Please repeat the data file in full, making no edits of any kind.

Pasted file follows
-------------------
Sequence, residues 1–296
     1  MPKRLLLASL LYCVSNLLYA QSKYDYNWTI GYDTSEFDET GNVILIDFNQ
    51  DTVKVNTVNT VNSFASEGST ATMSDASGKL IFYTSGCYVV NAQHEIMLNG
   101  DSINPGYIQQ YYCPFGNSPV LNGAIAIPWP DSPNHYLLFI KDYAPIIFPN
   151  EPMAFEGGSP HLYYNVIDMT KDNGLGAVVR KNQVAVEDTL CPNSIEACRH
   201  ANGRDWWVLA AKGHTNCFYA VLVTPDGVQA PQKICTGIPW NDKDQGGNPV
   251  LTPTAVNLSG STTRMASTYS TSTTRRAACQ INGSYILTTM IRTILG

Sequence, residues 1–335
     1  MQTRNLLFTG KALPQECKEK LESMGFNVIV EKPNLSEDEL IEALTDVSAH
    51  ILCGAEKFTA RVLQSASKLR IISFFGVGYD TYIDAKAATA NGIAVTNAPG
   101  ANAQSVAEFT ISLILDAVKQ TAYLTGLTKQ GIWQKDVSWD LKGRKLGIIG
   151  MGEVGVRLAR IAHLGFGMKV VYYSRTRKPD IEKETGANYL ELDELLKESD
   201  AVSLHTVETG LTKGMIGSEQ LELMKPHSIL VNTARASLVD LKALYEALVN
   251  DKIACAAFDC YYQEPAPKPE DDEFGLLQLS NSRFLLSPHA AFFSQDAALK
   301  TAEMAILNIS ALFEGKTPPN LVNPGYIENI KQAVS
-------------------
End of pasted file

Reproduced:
Sequence, residues 1–296
     1  MPKRLLLASL LYCVSNLLYA QSKYDYNWTI GYDTSEFDET GNVILIDFNQ
    51  DTVKVNTVNT VNSFASEGST ATMSDASGKL IFYTSGCYVV NAQHEIMLNG
   101  DSINPGYIQQ YYCPFGNSPV LNGAIAIPWP DSPNHYLLFI KDYAPIIFPN
   151  EPMAFEGGSP HLYYNVIDMT KDNGLGAVVR KNQVAVEDTL CPNSIEACRH
   201  ANGRDWWVLA AKGHTNCFYA VLVTPDGVQA PQKICTGIPW NDKDQGGNPV
   251  LTPTAVNLSG STTRMASTYS TSTTRRAACQ INGSYILTTM IRTILG

Sequence, residues 1–335
     1  MQTRNLLFTG KALPQECKEK LESMGFNVIV EKPNLSEDEL IEALTDVSAH
    51  ILCGAEKFTA RVLQSASKLR IISFFGVGYD TYIDAKAATA NGIAVTNAPG
   101  ANAQSVAEFT ISLILDAVKQ TAYLTGLTKQ GIWQKDVSWD LKGRKLGIIG
   151  MGEVGVRLAR IAHLGFGMKV VYYSRTRKPD IEKETGANYL ELDELLKESD
   201  AVSLHTVETG LTKGMIGSEQ LELMKPHSIL VNTARASLVD LKALYEALVN
   251  DKIACAAFDC YYQEPAPKPE DDEFGLLQLS NSRFLLSPHA AFFSQDAALK
   301  TAEMAILNIS ALFEGKTPPN LVNPGYIENI KQAVS